It’s that time of year again, when snakes are spotted in driveways, yards and wooded areas around metro Atlanta.
Jason Clark of Southeastern Reptile Rescue in Griffin said the warmer weather and heavy rains also drives snakes out from their shelters.
For some species it’s also into the breeding season. Common snakes in the Atlanta area are breeding now. Some will soon lay eggs. Others will give live birth in late summer.
That also means more calls and emails to snake experts like Clark of Southeastern Reptile and John Jensen of the Georgia Department of Natural Resources.
All native snakes, including the venomous species, are part of the natural fauna and thus “belong,” said Jensen. Many of them perform helpful functions such as controlling rodents, slugs, centipedes and leeches, or providing chemical compounds used in cancer and heart disease treatments. Those that do not have any apparent benefit are still important in the ecosystem and may serve as important prey for other creatures, he said.
Of the 46 species of snakes found in Georgia, six are venomous.
So, to separate the myths from reality about those slithering creatures, we turned to the experts.
They hear some pretty far -fetched things, like snakes can hypnotize birds or if you kill one others will show up to exact revenge.
Related: Six venomous snakes to watch out for
While those might make good movie scenes, they’re simply not true.
If you want to learn more about snakes, join a Facebook Live conversation with expert Jason Clark at 8:30 a.m. Thursday on The Atlanta Journal-Constitution’s DeKalb County News Now page.
Here are some of the most common misconceptions about snakes:
Myth: A triangular head means the snake is venomous.
Reality: Actually, five of the six venomous snakes, including copperheads, timber rattlers and cottonmouths in Georgia have triangular heads. The eastern coral snake, found along the coastal areas, does not. Some harmless snakes have the ability to move the bones in their skulls to a triangular shape to appear dangerous in an effort to ward off threats.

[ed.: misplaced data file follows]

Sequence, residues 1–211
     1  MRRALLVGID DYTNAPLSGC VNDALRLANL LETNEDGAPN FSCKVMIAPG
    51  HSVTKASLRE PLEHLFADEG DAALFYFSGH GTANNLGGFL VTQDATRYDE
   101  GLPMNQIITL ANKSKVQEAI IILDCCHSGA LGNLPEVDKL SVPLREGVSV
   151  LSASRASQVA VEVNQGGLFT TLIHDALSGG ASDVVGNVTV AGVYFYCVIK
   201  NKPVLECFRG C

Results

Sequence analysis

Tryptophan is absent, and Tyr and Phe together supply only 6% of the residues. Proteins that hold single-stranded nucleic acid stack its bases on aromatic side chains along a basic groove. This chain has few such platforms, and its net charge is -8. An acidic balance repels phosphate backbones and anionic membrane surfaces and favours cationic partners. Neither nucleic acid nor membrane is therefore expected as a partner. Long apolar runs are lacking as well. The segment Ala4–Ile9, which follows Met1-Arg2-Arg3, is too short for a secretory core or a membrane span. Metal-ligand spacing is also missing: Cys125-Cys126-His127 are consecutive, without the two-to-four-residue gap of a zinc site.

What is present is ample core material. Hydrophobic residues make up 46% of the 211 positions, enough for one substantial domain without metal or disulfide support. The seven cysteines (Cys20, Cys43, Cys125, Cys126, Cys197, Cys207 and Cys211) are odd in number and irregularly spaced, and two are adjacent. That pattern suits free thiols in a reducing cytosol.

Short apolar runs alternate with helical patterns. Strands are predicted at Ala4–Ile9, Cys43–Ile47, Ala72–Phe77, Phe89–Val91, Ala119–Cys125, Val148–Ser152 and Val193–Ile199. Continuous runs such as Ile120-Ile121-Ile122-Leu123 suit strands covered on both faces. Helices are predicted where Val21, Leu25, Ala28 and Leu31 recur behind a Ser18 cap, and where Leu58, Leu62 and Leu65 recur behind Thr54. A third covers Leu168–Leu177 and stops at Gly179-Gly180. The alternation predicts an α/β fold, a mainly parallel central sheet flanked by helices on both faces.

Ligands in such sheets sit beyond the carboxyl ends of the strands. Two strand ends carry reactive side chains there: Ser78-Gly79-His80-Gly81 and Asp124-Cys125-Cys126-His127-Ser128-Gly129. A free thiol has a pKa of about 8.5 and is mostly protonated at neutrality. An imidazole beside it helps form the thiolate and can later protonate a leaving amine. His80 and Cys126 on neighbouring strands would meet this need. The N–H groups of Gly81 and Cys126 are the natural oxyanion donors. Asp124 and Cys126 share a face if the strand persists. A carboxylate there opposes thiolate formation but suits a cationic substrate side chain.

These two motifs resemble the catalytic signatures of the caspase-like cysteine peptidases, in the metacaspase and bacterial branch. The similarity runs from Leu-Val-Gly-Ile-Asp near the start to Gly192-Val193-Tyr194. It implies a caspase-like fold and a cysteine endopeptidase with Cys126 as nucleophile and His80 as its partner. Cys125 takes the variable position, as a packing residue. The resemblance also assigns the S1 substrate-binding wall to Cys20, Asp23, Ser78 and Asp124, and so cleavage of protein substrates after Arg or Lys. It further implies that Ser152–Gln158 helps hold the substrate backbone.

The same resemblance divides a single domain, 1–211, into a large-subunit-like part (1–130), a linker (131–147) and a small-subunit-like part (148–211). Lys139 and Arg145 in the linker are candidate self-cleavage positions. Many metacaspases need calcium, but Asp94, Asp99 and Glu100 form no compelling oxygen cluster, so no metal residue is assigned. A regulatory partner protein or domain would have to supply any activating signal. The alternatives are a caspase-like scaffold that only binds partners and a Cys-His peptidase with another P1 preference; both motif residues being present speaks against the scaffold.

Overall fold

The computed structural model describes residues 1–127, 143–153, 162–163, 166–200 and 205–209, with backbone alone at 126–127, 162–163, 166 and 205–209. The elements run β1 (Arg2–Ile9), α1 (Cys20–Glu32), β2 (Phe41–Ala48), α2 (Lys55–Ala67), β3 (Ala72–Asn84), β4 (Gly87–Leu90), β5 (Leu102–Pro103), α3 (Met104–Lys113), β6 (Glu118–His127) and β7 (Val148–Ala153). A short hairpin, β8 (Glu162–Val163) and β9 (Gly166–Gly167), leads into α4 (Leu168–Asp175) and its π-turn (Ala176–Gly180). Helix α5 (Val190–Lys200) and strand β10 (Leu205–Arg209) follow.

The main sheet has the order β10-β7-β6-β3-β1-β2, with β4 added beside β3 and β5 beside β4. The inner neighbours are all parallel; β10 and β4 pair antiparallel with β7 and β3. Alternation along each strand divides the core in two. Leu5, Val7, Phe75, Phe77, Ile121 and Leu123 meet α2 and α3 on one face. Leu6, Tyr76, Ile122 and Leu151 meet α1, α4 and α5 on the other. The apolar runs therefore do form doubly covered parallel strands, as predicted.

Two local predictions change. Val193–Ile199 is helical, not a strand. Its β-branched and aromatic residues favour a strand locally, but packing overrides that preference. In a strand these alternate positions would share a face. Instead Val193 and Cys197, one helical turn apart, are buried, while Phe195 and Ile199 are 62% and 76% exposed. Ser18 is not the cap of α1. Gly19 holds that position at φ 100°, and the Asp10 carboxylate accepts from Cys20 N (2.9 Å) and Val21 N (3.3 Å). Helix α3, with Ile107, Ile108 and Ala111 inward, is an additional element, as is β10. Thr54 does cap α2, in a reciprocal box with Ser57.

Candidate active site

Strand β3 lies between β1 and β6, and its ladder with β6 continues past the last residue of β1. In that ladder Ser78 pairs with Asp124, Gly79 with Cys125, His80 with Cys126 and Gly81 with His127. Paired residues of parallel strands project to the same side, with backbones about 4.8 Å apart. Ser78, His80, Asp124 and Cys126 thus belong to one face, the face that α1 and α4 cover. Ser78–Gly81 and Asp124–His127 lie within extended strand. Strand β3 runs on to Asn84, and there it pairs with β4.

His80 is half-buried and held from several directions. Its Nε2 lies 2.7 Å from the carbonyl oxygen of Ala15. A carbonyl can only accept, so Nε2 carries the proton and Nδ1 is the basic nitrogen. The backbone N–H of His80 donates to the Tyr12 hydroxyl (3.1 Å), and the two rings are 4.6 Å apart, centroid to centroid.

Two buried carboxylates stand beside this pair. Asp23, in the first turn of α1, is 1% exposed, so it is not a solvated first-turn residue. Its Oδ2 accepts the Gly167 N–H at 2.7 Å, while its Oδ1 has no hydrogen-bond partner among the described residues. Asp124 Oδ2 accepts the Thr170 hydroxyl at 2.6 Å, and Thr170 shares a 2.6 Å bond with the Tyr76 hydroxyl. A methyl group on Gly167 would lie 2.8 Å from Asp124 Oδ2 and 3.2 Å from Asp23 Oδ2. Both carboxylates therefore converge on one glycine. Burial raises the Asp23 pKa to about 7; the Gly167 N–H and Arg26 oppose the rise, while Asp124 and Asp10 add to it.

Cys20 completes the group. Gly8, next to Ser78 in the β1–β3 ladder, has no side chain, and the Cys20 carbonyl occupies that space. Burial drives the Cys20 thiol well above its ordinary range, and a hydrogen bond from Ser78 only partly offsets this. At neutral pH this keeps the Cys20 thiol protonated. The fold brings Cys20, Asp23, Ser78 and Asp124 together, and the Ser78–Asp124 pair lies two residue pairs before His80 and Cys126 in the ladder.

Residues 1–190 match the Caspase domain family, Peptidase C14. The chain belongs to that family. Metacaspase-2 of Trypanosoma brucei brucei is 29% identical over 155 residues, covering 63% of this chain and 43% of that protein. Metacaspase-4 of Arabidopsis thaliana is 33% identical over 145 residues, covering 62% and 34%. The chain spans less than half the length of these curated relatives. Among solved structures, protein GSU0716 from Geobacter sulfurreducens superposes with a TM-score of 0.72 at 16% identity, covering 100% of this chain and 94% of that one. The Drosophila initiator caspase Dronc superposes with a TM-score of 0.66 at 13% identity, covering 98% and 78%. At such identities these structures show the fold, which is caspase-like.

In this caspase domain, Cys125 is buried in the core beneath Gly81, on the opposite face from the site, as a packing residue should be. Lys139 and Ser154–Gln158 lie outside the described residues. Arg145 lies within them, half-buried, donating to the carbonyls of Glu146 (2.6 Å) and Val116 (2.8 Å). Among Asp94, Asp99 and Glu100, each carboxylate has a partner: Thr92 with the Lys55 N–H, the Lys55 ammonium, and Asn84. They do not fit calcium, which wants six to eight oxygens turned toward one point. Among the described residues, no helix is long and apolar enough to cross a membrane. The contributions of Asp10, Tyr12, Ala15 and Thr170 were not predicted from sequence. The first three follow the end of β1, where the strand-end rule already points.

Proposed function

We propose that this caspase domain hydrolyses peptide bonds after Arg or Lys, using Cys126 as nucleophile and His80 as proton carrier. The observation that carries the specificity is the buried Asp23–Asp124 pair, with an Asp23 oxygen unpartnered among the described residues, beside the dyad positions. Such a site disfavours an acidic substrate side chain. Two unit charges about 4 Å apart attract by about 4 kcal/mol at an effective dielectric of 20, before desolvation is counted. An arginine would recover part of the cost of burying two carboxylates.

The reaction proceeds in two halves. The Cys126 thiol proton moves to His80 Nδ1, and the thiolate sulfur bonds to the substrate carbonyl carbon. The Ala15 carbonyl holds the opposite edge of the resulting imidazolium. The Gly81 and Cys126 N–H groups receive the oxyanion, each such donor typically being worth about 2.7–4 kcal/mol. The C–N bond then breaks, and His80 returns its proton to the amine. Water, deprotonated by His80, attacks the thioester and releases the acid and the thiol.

Myth: If a snake has elliptical pupils that means its venomous.
Reality: Not necessarily. Some dangerous snakes found in other nations, like the mamba in sub-Saharan Africa, have round pupils. So does the Georgia native eastern coral snake . Also, sometimes because of environmental changes, like a lower amount of light , a venomous snake’s eyes can dilate, making them round. Who wants to get close enough to notice, though?
Myth: Lime, sulfur, mothballs and commercial snake repellents will keep snakes away.
Reality: Experts say not so. If you toss mothballs in your yard, for instance, and don’t see a snake, it’s probably because you simply don’t see the snake or perhaps there aren’t any in the immediate area. You’d have to use so many mothballs anyway that you probably couldn’t stand to be in your own yard. Snake repellents and lime wash away and there’s not much proof they keep snakes away.
Myth: If you’re bitten by a venomous snake, tie a tourniquet around the area or cut the wound and suck out the venom.
Reality: Don’t do this, say experts. Some venoms contain toxins, which destroy tissue or affect the respiratory system. Applying a tourniquet concentrate those toxins in one place. Also take off watches and rings. The best thing to do is call 911 or poison control right away. Program the Poison Control Center number (1-800-222-1222) into your phone or have it nearby in case you need to call. Get help quickly.
Myth: Snakes don’t like to crawl over small garden rocks or ropes.
Myth: Rat snakes will eat copperheads.
Reality: Different kinds of snakes have different diets. Some like bugs, snails, frogs and lizards. Others like rats and mice. King snakes will eat copperheads and lots of other prey. Rat snakes do not eat copperheads although they do eat smaller snakes.
Myth: if you see a baby snake that means there’s a family around somewhere.
Reality: Whether a snake delivers live babies or eggs, their parenting skills leave a lot to be desired. Once born, “they’re pretty much on their own,” Jensen says of the youngsters. If you see a bigger snake around, it’s probably coincidence. “They immediately start dispersing.”
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